The Senate plans to vote around 1 p.m. on whether to cut off debate on budget legislation, ending, at least for now, the marathon talkathon that's been going on since Tuesday afternoon.
Here's some guidance from the Senate Majority Leader's office on what comes next:
"Under Senate Rule 22 (the cloture rule), at noon today the Senate will automatically begin a new legislative day. In practice, this means that the chair will briefly interrupt any senator who is speaking on the floor, the clerk will read a communication to the Senate, and the chair will lead the pledge of allegiance. Once that is done, the Senate will be in a new legislative day. If Senator Cruz remains on his feet, he will still have the floor.
"One hour later, at approximately 1 pm today, the Senate will proceed to vote on cloture on the motion to proceed to the House CR (60 vote threshold). Since this timing is set by rule, this vote will occur regardless of who is speaking on the floor. If cloture is invoked, the Senate will proceed to up to 30 hours of debate followed by a vote on the motion to proceed (simple majority).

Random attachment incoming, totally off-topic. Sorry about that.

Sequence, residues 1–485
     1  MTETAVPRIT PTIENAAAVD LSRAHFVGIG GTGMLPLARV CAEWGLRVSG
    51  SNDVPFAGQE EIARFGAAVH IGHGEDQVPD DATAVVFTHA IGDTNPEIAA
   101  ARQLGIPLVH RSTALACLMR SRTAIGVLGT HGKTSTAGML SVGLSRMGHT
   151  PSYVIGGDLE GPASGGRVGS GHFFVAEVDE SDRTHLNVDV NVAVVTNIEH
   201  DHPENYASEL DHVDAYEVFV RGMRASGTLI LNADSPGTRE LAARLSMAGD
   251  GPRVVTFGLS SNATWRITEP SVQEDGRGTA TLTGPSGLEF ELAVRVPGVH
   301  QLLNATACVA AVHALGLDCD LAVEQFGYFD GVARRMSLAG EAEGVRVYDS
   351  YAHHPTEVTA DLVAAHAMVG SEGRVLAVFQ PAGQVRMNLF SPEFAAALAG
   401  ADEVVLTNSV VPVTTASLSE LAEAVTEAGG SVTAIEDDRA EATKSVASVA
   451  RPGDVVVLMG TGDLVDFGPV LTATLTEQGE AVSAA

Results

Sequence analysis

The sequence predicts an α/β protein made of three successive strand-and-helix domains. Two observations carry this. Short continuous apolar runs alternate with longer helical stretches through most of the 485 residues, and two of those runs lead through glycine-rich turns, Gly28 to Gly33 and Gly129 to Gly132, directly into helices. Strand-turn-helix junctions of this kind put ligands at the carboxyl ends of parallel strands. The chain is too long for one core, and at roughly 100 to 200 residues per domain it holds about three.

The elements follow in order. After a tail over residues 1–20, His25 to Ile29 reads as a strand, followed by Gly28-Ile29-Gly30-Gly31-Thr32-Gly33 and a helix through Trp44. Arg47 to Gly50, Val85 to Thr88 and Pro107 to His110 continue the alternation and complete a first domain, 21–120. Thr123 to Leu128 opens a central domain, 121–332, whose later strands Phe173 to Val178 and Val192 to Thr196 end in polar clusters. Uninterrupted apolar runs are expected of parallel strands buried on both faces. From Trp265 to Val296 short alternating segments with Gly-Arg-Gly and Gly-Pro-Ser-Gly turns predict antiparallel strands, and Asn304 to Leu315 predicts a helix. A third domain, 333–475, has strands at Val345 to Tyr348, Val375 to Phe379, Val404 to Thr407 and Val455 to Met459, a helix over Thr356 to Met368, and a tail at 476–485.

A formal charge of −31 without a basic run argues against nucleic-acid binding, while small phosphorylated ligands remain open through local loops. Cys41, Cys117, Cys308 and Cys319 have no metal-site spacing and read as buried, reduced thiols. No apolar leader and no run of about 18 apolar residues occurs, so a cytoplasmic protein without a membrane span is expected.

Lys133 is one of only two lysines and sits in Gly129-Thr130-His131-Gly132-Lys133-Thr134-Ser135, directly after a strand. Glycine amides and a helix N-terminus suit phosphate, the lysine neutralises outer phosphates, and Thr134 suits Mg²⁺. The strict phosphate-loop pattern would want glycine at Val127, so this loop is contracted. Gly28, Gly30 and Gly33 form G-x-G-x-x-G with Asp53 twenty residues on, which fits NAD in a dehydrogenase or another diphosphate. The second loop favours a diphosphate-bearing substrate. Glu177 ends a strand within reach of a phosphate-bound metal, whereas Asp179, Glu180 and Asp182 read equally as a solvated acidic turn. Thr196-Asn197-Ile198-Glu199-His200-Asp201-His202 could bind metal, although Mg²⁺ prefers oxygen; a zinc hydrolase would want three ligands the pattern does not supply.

"The 30 hours of post-cloture debate time is structured by rule. Senators are permitted to speak for up to 1 hour each. If Republican senators yield their hour to the Republican manager or Republican leader, the manager and leader may yield up to 3 hours to one senator. Any additional commitment of time would require unanimous consent."
September 24, 2013
The Senate talkathon over defunding Obamacare is on, led by Sen. Ted Cruz, R-Texas, and he has some thoughts about himself.
He cited "more than a few attacks from our friends on the Democratic side of the aisle and also from our friends on the Republcian side of the aisle.
"I told my wife I now pick up the newspapers each day to learn just what a scoundrel I am and just what attack will have come," he said, "some on the record and some, the ones that often even better are the anonymous ones."
Don't make this a battle of senator versus senator, Cruz urged. "It's like reading the Hollywood gossip pages. That's how this issue is covered," he said.